The Commission also introduces a new market share threshold whereby horizontal mergers also qualify for the simplified merger procedure in cases where the parties' combined market share is above 20 percent but below 50 percent, and the increase in market concentration post-merger is low because the increment of the Herfindahl-Hirschman Index is below 150. In such cases, the notifying parties will have to provide some additional information on the markets in order to show that no competition concerns arise.

Moreover, the Commission introduces what it calls a "super-simplified" filing procedure for joint ventures with no actual or foreseen activities within the European Economic Area. For such joint ventures, it will be sufficient to lay out the concentration and the parents' activities and to provide turnover data required to establish that the Commission has jurisdiction in the first place.

The Bad News: Increased Data Burden on Companies

In addition to extending the scope of the simplified procedure, the Commission claims that it will also reduce the information that needs to be submitted in a merger notification. While some data requests have indeed been dropped from the merger notification forms, others have been added. On balance, the data burden on the notifying parties will increase to a considerable extent. Some of the major changes can be summarized as follows:

  1. Information on interlocking directorates will in the future only be required upon specific request from the Commission.
  2. The parties will not be required to calculate the changes in market concentration, and market data will not be required on a national level if the relevant geographic market is clearly European or world-wide.
  3. On the other hand, under the revised rules, the parties will be under an obligation to submit market data for each plausible alternative market. This requirement increases the risk of incomplete notifications and will likely further expand the duration of the pre-notification procedure.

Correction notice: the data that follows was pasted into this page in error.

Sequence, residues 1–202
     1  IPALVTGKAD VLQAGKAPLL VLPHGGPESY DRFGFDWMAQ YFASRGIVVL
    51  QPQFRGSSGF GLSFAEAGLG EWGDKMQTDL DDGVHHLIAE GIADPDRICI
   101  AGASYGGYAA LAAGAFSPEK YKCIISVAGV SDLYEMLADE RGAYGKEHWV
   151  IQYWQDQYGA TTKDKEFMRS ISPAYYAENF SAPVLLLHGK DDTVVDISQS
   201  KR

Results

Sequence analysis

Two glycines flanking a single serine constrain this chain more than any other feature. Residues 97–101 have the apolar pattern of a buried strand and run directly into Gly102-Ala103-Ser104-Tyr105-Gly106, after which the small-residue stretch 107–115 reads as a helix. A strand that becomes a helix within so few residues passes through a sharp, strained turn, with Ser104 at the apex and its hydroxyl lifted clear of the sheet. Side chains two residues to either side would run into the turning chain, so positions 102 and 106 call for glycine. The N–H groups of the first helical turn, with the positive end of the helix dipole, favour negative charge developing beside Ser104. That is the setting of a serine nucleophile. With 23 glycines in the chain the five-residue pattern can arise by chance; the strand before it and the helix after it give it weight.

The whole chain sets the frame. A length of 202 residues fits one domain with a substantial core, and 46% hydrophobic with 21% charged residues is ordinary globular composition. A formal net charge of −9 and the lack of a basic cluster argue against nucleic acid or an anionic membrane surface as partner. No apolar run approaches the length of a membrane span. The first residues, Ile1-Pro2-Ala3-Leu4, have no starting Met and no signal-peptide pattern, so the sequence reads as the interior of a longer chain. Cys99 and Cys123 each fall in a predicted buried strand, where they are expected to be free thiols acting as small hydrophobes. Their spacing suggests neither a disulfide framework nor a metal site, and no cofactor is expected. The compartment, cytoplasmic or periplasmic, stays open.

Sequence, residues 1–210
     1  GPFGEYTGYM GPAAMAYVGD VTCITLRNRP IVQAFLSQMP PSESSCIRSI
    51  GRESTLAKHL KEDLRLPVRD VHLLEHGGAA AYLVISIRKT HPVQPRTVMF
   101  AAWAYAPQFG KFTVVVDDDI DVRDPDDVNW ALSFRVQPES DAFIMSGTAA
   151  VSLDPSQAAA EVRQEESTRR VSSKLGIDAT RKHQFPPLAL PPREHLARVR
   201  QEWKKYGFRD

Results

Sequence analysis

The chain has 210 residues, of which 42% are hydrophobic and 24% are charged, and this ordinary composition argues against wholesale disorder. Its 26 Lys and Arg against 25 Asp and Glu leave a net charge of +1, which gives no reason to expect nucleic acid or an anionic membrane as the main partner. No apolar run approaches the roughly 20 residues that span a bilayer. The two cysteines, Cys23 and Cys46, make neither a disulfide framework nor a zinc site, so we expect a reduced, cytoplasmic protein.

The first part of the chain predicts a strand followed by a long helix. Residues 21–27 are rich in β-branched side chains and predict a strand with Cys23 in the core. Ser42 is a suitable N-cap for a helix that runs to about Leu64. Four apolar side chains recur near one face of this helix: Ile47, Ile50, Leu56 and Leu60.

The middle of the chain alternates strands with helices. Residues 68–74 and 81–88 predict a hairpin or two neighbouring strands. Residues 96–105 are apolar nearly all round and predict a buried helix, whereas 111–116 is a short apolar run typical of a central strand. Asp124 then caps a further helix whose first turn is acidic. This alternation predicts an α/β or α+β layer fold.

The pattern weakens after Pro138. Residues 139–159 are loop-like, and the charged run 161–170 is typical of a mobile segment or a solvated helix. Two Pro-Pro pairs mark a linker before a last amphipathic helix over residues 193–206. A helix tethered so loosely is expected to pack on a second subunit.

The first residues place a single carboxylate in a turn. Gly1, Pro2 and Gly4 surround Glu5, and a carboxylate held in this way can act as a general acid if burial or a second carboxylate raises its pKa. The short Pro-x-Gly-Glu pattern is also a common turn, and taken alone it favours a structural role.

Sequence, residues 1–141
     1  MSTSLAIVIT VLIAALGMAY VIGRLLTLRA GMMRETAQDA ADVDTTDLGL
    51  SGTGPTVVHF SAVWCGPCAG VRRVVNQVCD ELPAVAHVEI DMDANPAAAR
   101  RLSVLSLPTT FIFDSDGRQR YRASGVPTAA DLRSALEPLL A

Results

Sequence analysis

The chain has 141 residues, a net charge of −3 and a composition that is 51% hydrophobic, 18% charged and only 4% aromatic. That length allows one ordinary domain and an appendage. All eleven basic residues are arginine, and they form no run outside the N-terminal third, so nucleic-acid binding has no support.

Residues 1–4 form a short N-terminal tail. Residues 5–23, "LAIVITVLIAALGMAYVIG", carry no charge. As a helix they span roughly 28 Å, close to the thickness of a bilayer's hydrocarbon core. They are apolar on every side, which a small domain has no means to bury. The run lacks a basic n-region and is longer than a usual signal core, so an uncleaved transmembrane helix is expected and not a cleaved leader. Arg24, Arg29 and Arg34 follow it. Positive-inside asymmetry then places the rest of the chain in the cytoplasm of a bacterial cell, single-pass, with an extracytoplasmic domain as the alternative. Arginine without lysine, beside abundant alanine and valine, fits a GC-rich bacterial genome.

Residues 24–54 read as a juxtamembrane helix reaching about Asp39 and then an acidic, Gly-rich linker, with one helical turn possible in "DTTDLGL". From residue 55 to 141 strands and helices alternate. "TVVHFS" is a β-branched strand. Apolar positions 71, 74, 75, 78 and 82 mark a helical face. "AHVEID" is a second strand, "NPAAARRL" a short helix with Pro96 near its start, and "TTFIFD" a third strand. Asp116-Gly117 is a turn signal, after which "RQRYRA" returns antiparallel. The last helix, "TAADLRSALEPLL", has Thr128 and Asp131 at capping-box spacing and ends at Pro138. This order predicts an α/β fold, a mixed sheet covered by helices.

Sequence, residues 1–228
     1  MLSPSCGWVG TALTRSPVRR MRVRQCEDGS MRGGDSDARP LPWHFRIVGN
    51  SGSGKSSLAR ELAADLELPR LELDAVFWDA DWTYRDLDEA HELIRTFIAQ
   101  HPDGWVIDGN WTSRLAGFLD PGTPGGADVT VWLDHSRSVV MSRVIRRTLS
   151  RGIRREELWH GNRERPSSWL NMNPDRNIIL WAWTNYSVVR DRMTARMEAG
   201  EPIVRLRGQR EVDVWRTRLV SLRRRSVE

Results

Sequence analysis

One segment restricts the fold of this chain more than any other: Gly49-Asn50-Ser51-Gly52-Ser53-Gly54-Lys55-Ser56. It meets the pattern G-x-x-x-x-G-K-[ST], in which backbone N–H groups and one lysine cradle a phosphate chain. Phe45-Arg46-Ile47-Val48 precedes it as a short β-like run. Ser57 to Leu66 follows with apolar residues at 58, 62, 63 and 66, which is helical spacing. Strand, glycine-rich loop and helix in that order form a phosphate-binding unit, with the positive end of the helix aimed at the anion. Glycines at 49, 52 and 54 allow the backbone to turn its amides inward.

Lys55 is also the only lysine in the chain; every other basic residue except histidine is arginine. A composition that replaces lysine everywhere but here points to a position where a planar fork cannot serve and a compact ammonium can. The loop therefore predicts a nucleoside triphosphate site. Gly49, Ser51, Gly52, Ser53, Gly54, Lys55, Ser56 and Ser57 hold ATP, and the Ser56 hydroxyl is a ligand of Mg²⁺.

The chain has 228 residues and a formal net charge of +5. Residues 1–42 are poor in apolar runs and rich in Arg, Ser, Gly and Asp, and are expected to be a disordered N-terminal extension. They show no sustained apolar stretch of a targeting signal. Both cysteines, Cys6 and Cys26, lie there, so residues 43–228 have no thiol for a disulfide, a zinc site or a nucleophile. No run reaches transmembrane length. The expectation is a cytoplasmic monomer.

4. Merging parties will be required to provide more background documents on the concentration. The merger notification form now expressly requests meeting minutes of certain management bodies, regardless of whether they contribute to the substantive assessment of the transaction.  The requirement to produce internal documents will now also extend to notifications under the simplified merger procedure.
  5. In addition, under the normal procedure, merging parties will have to submit not only analyses of the transaction, but also documents that deal with the affected market(s) in general, and all this dating back two years. Such documents do not need to be prepared for or by the merging parties, but simply received by them.

Admittedly, some of this information is now explicitly earmarked as candidate for waiver requests, and waiver requests also will still be possible for all other categories of information. A more generous waiver practice would indeed be a tool to reduce the burden on the parties. Previous experience shows however that there is no uniform waiver practice at Commission level and that the willingness to be more "lenient" largely depends on the case team dealing with the notification.

For more information on the procedure and also the substantive assessment of EU merger notifications, please refer to the chapter on the European Union in The International Comparative Legal Guide (ICLG) Merger Control 2014, co-authored by Werner Berg and Sean-Paul Brankin.